The Long and Short of Short Stories

Over at Kate’s Book Blog, talk of a short story reading group has made me go all soft and nostalgic about the genre. While I love reading novels (and struggle to write one, as not one but two agents asked me if I had something to show them), I gravitate toward writing short stories. And I enjoy reading them – after all, short stories are to American literature what jazz is to American music. So, I thought I’d share American masters of the form who are favorites, for anyone caring to dip their toes into pithy prose.

If you aren’t acquainted with short stories, I recommend starting with the classics: collections by Raymond Carver, William Faulkner, Ernest Hemingway, Flannery O’Connor or Eudora Welty, and “Winesburg, Ohio” by Sherwood Anderson. Or simply dive into any one of many available anthologies, such as “Great American Short Stories,” ed. Wallace Stegner. For contemporary classics, please don’t miss Tobias Wolff’s “Vintage Book of Contemporary American Short Stories,” an absolute stunner.

Having cautioned you on beginning with the established greats, let me warn you about the current state of short story publishing: It's spotty at best, imitative and shallow at worst – lots ‘o drek. The New Yorker and Atlantic Monthly, former standard-bearers of quality fiction, should hang their heads in shame. Zoetrope All-Story is good, although it has settled into primarily a showcase for Big Names (this magazine started out as a stellar forum for new authors). Happily, online zines are filling the vacuum left by the print press; despite the uneven quality of work, something rich and new and strange will emerge, I’m sure.

And now, a drum roll, please, for the select few (in LK’s most humble opinion) must-read collections by some of the genre’s best current practitioners:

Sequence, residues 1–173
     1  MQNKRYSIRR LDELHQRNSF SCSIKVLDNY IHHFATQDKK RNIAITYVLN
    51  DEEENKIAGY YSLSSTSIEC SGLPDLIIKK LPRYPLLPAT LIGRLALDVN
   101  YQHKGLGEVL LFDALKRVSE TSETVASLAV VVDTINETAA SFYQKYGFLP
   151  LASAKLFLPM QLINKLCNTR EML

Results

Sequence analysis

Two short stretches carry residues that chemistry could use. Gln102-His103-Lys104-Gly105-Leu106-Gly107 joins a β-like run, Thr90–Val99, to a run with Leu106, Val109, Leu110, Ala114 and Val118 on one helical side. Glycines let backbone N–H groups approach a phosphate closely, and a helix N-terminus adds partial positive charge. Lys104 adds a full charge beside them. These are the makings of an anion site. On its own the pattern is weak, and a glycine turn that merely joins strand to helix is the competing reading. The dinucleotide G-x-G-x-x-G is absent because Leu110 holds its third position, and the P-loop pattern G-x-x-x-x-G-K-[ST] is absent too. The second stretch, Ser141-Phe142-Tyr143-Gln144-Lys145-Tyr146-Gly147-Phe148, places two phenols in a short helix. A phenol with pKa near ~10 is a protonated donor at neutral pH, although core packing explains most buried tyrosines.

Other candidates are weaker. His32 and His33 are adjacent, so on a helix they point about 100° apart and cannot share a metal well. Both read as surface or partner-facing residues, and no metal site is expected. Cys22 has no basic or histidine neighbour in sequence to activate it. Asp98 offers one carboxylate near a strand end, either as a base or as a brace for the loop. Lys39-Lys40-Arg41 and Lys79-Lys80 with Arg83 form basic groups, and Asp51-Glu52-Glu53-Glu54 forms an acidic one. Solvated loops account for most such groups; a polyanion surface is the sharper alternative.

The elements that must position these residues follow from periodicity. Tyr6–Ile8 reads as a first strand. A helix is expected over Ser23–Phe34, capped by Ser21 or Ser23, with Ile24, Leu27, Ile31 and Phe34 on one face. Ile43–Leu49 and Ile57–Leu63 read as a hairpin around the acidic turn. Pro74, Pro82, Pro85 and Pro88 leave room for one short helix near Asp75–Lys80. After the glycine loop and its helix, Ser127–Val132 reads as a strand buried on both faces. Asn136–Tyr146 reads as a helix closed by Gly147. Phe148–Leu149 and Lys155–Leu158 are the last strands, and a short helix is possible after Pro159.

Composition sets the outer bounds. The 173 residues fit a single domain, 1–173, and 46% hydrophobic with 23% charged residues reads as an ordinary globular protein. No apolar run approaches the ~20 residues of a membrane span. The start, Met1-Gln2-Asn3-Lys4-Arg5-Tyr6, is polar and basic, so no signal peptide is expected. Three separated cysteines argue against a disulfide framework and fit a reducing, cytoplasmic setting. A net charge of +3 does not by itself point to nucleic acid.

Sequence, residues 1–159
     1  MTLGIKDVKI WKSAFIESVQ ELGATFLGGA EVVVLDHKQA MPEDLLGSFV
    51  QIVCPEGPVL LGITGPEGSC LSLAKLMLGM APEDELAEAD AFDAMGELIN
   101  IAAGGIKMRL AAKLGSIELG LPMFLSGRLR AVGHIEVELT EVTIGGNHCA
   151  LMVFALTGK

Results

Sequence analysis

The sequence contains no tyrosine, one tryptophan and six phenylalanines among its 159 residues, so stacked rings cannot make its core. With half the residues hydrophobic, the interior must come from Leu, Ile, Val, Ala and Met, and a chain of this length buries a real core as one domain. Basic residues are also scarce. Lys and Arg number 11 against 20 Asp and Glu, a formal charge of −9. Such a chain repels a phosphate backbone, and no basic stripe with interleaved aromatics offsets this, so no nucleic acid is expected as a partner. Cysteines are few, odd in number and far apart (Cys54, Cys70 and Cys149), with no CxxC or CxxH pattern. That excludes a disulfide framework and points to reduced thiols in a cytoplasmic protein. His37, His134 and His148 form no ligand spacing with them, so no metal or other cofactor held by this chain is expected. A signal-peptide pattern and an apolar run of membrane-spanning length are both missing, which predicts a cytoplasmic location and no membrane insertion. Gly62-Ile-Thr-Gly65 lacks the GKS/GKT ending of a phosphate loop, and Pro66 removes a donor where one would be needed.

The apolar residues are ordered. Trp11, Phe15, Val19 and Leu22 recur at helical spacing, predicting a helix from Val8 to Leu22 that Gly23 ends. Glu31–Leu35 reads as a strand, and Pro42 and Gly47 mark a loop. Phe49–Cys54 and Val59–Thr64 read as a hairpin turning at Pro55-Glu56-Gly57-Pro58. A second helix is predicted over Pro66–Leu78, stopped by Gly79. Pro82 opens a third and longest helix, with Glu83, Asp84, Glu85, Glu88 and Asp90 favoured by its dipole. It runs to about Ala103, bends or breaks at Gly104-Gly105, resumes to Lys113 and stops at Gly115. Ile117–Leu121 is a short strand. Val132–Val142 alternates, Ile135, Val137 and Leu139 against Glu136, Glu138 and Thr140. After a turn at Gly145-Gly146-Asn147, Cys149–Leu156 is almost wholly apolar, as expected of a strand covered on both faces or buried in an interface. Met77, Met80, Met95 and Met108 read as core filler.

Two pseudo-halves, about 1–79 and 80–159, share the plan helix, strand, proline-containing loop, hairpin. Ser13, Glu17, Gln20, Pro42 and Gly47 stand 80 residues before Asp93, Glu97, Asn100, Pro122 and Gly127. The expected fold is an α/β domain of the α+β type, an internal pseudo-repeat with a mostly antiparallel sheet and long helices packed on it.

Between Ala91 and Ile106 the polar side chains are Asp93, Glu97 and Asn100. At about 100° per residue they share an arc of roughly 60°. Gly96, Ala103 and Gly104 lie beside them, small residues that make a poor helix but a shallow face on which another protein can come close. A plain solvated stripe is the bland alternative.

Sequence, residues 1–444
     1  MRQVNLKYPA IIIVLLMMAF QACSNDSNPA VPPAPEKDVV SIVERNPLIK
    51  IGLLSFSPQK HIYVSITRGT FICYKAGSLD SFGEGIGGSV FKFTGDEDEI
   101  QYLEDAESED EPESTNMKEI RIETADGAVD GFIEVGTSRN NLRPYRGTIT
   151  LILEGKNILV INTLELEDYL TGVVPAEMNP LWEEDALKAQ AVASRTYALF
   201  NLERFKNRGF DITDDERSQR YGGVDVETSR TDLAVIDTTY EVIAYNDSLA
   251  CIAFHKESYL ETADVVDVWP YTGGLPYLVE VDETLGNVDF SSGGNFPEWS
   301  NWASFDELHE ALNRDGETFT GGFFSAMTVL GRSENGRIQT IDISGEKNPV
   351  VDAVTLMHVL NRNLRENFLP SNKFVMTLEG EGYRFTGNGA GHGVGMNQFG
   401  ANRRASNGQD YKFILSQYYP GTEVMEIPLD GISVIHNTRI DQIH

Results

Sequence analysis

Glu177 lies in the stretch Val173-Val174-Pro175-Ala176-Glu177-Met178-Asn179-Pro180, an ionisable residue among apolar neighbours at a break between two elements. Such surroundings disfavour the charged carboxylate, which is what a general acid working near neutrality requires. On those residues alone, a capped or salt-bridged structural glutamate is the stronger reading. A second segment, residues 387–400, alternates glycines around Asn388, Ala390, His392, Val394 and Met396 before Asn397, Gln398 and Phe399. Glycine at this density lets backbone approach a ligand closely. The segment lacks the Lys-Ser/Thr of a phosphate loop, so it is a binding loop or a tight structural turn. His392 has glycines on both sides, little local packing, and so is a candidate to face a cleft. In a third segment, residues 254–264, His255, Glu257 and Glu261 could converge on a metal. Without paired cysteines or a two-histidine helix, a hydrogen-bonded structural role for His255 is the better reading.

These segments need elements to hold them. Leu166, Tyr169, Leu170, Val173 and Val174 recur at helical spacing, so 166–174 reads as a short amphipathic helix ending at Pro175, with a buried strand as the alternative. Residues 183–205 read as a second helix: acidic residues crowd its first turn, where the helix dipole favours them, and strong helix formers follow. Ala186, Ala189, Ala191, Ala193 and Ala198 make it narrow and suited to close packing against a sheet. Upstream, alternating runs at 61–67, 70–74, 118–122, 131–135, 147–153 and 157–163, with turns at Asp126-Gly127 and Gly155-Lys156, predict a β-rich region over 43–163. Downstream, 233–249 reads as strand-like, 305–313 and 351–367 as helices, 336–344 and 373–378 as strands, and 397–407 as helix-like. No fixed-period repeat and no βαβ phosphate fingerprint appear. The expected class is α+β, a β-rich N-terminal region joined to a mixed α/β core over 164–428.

George Saunders, “CivilWarLand in Bad Decline,” “Pastoralia”. Dystopian fantasy from one of the most imaginative and funny observers of American culture.

Charles D’Ambrosio, “The Point and Other Stories.” Okay, I haven’t yet read his latest, The Dead Fish Museum (waiting for softcover), but this is an author dedicated to the short story form who pays attention to craft. The quintessential short story writer’s writer.

Annie Proulx, “Close Range.” I am so glad I ran out and bought this book, in hardcover, before all the Hollywood hoo-hah about Brokeback Mountain and Shipping News. Sharp language, stunning metaphors, a tight grip on the American landscape – she’s a national treasure and to be fully appreciated, like Yellowstone, must be experienced in the real setting – that is, in the pages, not on screen.

Anthony Doerr, “The Shell Collector.” This guy uses nature and terrain like no one else, covering locales from all over the world. Evocative imagery, beautiful language. If he keeps up the quality of work that is found in this collection, Doerr has a shot at ranking as one of The Masters.

Denis Johnson, “Jesus’ Son.” His other writing hasn’t hit me that hard, but this tough, haunting collection of stories works as a unit, similarly to Anderson’s “Winesburg, Ohio.” Johnson may not ever rise to this level of writing again, but, as in Anderson’s case, maybe once is enough.


Thoughts for Thursday

In cultural and literary references, Thursday gets short shrift.

Think about it: Other days of the week garner a lot more attention. There's Monday, which everyone sings the blues about. Tuesday is, in our opinion, undeservedly popular: You’ve got Mardi Gras, for starters, and Ruby Tuesday and Tuesday afternoons and Tuesday Weld. Wednesday: Hump Day – ‘nuff said. Everyone thanks their god when it’s Friday. And then we have the crowning jewel of calendar days, The Weekend, of which Saturday and Sunday are held sacred in many contexts, including that ultimate bid for immortality, an Elton John song.

Thursday got a Last Supper. Two thousand years ago. No fries.

Clearly this is a day that needs to up its game in the annals of time. We think Thursday ought to be reckoned with for what it is, the day that kicks back the rest of the week like a stiff drink.